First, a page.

Using 3D printing to make air better RF component

Article By : Bill Schweber

Effectively using air in RF circuits may seem like "much ado about nothing" but it's actually a complicated affair amid multiple issues.

For many designers of RF systems, air is viewed simply as a medium for propagation of electromagnetic energy between source and receiver. This usually makes sense, resulting in the bulk of their design effort being focused on the ICs and interconnections which define the physical system along with the software which brings it to life.

But that’s a simplistic view. Air is needed for conventional cooling, of course, and its dielectric properties are often critical to some RF components and their functions.

This is not a new development. Heinrich Hertz’s transmitter in 1888 started “wireless” using a high voltage to energize a millimeter-wide spark gap. This created a wideband pulse which was transmitted by a dipole antenna comprised of two collinear metal rods with capacitive metal plates (Figure 1). The dielectric strength of air at standard atmospheric conditions is about 30 to 70 volts/mil (thousandths of an inch) or 3 to 7 kV/mm.

Using 3D printing to make air better RF component

Figure 1 In Hertz’s 1888 wireless arrangement, the two sides of the antenna were connected to an induction coil powered by a battery (not shown), and the high-voltage spark discharged across the spark gap, causing brief oscillating standing waves of current in the antenna. This energy would be radiated by the antenna as a brief pulse of radio waves. Source: Wikipedia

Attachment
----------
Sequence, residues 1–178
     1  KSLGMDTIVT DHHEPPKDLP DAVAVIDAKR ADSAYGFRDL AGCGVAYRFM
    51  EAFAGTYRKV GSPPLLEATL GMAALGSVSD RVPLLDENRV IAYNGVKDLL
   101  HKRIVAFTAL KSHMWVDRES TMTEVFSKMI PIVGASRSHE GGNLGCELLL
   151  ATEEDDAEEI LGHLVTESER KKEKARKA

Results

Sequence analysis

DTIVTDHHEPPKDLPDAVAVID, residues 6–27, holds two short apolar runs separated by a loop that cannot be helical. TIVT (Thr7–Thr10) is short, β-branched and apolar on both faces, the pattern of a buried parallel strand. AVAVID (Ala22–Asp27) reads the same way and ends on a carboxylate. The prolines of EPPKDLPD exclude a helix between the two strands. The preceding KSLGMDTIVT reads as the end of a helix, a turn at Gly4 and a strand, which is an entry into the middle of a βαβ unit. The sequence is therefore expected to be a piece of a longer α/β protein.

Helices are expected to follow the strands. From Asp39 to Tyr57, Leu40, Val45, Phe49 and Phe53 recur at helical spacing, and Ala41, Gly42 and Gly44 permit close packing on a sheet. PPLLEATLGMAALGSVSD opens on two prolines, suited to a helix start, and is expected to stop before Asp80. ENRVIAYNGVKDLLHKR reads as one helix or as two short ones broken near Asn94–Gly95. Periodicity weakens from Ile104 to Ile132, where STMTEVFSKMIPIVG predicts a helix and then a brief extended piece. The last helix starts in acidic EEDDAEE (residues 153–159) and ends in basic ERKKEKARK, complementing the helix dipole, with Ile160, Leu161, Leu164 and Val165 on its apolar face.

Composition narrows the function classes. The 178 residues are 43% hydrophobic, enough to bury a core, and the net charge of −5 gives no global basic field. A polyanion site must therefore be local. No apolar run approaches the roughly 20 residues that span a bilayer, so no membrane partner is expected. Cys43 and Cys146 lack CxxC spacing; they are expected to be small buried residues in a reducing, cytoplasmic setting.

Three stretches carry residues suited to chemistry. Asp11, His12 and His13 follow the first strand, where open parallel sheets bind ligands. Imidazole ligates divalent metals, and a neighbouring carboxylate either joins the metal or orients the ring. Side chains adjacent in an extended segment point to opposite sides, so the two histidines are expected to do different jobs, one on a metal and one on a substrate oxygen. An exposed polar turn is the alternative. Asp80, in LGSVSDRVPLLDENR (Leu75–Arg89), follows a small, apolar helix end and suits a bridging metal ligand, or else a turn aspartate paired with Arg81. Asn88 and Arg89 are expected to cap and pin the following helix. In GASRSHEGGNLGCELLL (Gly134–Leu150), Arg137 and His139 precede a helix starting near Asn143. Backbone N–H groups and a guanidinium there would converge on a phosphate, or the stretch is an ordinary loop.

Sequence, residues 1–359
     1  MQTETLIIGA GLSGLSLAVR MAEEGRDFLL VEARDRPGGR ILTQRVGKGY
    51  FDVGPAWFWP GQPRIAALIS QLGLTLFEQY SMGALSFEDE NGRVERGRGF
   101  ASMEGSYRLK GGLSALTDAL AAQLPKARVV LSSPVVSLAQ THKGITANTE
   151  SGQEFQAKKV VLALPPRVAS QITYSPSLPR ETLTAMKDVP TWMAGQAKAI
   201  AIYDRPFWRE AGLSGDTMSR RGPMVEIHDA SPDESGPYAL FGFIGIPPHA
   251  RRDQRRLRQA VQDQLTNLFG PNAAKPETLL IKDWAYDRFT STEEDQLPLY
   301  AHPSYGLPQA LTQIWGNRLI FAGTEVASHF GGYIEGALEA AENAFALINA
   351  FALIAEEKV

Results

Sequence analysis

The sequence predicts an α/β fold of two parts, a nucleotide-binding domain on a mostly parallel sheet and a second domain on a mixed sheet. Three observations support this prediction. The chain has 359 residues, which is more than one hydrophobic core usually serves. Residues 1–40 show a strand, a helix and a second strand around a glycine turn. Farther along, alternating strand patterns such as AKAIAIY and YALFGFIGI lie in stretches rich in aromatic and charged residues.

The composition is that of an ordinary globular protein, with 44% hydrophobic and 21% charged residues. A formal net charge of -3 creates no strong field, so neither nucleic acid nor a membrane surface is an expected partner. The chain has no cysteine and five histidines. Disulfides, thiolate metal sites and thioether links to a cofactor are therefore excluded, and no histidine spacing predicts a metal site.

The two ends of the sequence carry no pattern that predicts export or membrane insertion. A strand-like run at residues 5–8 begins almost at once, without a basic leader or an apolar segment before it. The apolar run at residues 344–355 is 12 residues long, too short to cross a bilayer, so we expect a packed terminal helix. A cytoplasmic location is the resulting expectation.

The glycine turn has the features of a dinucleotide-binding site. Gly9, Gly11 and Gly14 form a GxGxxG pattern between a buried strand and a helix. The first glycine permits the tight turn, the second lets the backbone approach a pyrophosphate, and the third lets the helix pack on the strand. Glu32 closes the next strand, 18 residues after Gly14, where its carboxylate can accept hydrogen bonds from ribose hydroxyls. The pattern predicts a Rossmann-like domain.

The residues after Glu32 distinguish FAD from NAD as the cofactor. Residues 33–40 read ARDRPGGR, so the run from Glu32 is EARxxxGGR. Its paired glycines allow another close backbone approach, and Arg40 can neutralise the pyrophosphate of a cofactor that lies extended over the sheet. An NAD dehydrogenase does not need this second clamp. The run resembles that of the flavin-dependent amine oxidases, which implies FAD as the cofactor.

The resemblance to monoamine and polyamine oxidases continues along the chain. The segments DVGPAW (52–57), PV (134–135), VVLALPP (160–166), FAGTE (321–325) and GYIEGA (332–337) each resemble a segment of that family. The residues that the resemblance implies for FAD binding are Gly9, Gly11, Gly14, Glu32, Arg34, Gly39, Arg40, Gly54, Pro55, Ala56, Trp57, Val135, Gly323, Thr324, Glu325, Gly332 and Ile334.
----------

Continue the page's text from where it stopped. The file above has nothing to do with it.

As wireless grew and matured, RF tuners often used variable capacitors with multiple parallel plates and air gaps to set the capacitance value of a tuning assembly or “tank circuit” (Figure 2). Rotating the shaft adjusted capacitance from near zero to several hundred picofarads in a typical design. You could also get “ganged” versions with two or more distinct units on a single shaft; these would then track changes with each other, a very convenient arrangement in some circuit topologies.

Using 3D printing to make air better RF component

Figure 2 The parallel-plate variable capacitor was the key tuning component for many years, especially in basic consumer AM-band radios; although it’s not suitable for GHz and above designs, it is still viable and used at lower frequencies. Source: Utmel Electronic

But air has many important RF attributes other than just as a simple insulation or basic dielectric. While vacuum is the ideal dielectric with a dielectric constant (Dk) of unity (by definition), air comes pretty close with a value of 1.00058986; by comparison, PTFE comes in at around 2.0, and FR4 at around 4.4. Clearly, air is very close to “perfect” if that’s what you are looking for.

Similarly, the dielectric loss—also called loss tangent or dissipation factor Df—of a vacuum is zero and air’s value is the same, while PTFE’s value is 0.00028 and FR4 is 0.008 (both at 3 GHz). As an added virtue, the characteristics of air are stable into the terahertz range while other dielectrics are not as stable or consistent.